To School or Not to School
I am waiting for the day I get a review that disputes the education level of both David and Annie in my book Keeping Secrets, as well as the historical context of the school they attend. The fact of the matter is, members of the Society of Friends (Quakers) placed a higher value on education in the 18th century than the average colonial citizen. They had more schools, with more teachers, than the average colonial community. What is even more remarkable is that they educated their girls, at least in the early years, with as much vigor as they educated their boys. Still, while education was important, it was not what defined a person. It was merely a means to an end.
It amazes me how much stock people put in education these days, and how the government, especially, thinks that education will solve the nation’s problems. The fact is that America was founded during a time when education took a back seat to putting food on the table, putting clothes on children’s backs, and forming children to be honest, hardworking, self-reliant citizens. And it must not be lost that these were the people who started and finished a war against the most powerful nation in the world.
The fact is, that most adults in the pre-Revolutionary war period were barely literate themselves. They had to send their children to school to learn to read, write, and cipher. As for the Chesapeake planters, before the middle of the 18th century there were very few free schools in Virginia. Private schoolmasters were paid by the parents who pooled their money together to pay his salary. Even then, teachers were in short supply. For example, in 1724, there was only one schoolteacher for every 100 white families covering an eight parish area. In two Piedmont parishes, there were only four teachers responsible for 400 families. That means very few children in 18th century Virginia were formally schooled for even a short length of time.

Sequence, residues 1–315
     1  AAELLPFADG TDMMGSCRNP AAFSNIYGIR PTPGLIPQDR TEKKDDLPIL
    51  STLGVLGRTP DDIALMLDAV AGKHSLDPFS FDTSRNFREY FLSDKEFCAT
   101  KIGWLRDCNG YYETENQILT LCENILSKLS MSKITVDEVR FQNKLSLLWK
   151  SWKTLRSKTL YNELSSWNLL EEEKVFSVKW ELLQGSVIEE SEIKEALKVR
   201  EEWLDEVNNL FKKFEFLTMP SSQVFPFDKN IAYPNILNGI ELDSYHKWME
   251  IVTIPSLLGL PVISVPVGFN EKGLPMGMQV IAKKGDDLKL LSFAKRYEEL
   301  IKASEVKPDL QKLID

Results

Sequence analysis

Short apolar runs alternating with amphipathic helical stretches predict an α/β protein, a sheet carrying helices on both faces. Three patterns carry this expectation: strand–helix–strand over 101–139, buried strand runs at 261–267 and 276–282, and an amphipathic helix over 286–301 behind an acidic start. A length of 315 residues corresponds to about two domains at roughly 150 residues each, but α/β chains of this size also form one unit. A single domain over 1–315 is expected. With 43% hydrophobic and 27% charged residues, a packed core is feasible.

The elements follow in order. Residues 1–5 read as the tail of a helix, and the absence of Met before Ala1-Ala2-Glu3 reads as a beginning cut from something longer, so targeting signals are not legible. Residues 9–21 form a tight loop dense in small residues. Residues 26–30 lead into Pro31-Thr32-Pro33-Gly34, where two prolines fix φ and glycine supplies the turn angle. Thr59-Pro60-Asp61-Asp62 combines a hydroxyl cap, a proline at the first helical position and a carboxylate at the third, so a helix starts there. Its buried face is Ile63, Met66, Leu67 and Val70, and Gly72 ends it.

Americans today spend loads of money building new schools, training teachers in new programs (which are really old programs repackaged), and upgrading the technology to give children the best advantage. In colonial America, funds were scarce and luxuries few. A few lucky communities allowed their churches to double as their schools, but this was not usually the case, especially in Virginia. In the early part of the colonial period, they were oftentimes situated on ground that was not good for anything else. Thus, there was usually no shade in the summer and no tree break in the winter, so summers were hot and winters cold and drafty. As in Keeping Secrets, families were expected to donate a load of firewood to keep the school warm in the winter. Those that did not were expelled or sent to the coldest part of the room.
Schoolmaster Cayle stepped into the aisle, not stopping until he was towering over David. “Since you are so concerned about Sister Annie, you can sit back there with her. And for your disobedience and disrespect, your father will be fined an extra load of wood for the winter. I want it by next first day.”
David jerked his slate and reader off the desk and grabbed his heavy winter coat from the back of the chair. He was only halfway across the room when a wall of cold air smacked him. He pushed through it, went towards the window, and dropped his books to the table. He slung the coat over Annie’s shoulders, then nudged her arm while motioning to the other girls to scoot down. At least that way he could act as a shield against the cold wind oozing through the window, albeit a poor one.